Neuroscience professionals will agree that children learn more when they are having fun. It is because a region of our brain called the hippocampus, which plays a significant role in whether people can recall what they have learned, is activated. This happens generally when a fun learning environment is present. Fun does not mean everything is extreme, it is simply on the right level. Fun activities give out happy emotions.
All children love to play. Parents and teachers alike can agree to this. At ISC, my programs are always play-centered. It maybe through a sport, a game or even an individual task. As an example; I was teaching different loco-motor movements in my Year 2 class last year. We were learning skipping. I always find it difficult to teach this because it requires good concentration and coordination. After a certain amount of practice, the children were getting the idea of the movement. I always have a game at the end of every class, not just as a reward for doing their best, but also for triggering the hippocampus. We played a game of tag that uses the different movements we learned. I asked them to use skipping when moving away from the tagger and at the end of that class, it was fascinating how most of them were able to perform the skill fluidly. Don’t get me wrong. It wasn’t just play that made it easier for the children to remember, but the effect of a fun-filled activity.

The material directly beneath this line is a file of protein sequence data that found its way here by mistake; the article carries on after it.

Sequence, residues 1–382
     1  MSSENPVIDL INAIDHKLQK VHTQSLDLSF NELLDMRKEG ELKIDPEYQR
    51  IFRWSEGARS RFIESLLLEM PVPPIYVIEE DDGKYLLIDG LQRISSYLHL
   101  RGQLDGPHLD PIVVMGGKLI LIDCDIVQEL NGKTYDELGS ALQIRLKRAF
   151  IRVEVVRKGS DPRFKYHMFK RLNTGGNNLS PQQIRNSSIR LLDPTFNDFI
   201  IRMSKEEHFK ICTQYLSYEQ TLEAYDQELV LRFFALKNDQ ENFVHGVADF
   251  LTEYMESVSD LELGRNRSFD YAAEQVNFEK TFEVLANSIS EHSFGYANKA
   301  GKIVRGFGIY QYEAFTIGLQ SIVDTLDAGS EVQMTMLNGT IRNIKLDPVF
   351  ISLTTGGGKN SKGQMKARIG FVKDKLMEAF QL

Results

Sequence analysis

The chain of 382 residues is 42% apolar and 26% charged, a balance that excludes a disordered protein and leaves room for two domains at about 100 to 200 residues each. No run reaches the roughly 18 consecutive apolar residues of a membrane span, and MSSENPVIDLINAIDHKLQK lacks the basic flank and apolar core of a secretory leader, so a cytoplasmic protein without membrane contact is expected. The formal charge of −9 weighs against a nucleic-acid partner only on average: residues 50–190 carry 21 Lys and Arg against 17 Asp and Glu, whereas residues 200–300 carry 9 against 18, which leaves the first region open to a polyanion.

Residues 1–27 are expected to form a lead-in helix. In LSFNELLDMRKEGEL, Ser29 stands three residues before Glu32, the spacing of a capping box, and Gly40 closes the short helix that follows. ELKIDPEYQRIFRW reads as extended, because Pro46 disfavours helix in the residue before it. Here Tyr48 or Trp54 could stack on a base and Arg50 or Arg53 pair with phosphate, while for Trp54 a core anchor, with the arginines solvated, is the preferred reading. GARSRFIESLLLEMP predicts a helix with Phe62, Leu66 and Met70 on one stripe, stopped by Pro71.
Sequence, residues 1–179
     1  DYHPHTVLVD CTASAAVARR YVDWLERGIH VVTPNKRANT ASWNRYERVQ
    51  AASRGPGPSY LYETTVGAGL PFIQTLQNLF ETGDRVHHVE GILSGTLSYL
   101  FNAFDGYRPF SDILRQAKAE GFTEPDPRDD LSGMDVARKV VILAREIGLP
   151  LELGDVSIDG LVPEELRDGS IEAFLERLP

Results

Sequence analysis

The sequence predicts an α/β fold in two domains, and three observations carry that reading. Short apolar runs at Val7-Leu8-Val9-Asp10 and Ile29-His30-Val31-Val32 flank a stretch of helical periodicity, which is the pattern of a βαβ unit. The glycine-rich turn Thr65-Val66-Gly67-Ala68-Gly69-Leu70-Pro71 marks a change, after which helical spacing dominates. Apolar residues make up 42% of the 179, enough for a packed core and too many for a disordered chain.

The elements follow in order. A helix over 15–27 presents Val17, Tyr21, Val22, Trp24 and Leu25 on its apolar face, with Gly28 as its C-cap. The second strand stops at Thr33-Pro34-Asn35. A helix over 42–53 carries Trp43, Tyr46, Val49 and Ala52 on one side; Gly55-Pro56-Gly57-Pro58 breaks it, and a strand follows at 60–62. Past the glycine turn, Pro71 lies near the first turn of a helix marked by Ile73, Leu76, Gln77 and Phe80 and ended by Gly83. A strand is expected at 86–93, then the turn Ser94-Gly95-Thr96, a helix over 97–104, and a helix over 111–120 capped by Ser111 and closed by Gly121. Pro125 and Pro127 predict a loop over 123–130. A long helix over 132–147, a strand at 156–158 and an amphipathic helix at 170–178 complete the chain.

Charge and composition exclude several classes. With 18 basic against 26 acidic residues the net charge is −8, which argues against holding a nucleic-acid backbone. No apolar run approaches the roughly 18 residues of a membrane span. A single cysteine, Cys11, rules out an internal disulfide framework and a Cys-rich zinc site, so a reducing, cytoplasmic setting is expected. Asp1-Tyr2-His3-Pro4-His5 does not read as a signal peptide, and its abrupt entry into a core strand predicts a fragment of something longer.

Another example is my Kinderswim class for toddlers. Five weeks after starting the program, the progress of the children being confident in the water, moving independently around the pool and even comfortably dipping their faces in the water was noticeable. As it is a play-centered activity, we sing songs, jump to Mommy, free play with toys and ride a float always creating a happy environment and therefore learning more. One of the things I love about being a PE teacher is that I have the chance to teach sports, sportsmanship, teamwork, determination, team spirit, and health and it all revolves around one word: PLAY.
With Neuroscience behind me; this is the foundation of my program. I will continue to use play as a one of my main tools for learning.